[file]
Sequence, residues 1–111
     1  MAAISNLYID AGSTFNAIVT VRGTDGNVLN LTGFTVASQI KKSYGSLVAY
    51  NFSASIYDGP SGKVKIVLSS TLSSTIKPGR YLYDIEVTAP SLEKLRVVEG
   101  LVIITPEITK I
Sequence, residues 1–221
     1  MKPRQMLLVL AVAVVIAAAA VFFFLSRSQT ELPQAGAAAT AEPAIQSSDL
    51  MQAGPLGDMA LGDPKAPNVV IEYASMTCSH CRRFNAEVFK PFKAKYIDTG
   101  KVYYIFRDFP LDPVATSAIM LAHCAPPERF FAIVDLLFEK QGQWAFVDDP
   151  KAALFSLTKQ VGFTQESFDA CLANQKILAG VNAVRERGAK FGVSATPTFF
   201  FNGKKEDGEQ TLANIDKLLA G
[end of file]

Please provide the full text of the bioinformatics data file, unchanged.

Sequence, residues 1–111
     1  MAAISNLYID AGSTFNAIVT VRGTDGNVLN LTGFTVASQI KKSYGSLVAY
    51  NFSASIYDGP SGKVKIVLSS TLSSTIKPGR YLYDIEVTAP SLEKLRVVEG
   101  LVIITPEITK I
Sequence, residues 1–221
     1  MKPRQMLLVL AVAVVIAAAA VFFFLSRSQT ELPQAGAAAT AEPAIQSSDL
    51  MQAGPLGDMA LGDPKAPNVV IEYASMTCSH CRRFNAEVFK PFKAKYIDTG
   101  KVYYIFRDFP LDPVATSAIM LAHCAPPERF FAIVDLLFEK QGQWAFVDDP
   151  KAALFSLTKQ VGFTQESFDA CLANQKILAG VNAVRERGAK FGVSATPTFF
   201  FNGKKEDGEQ TLANIDKLLA G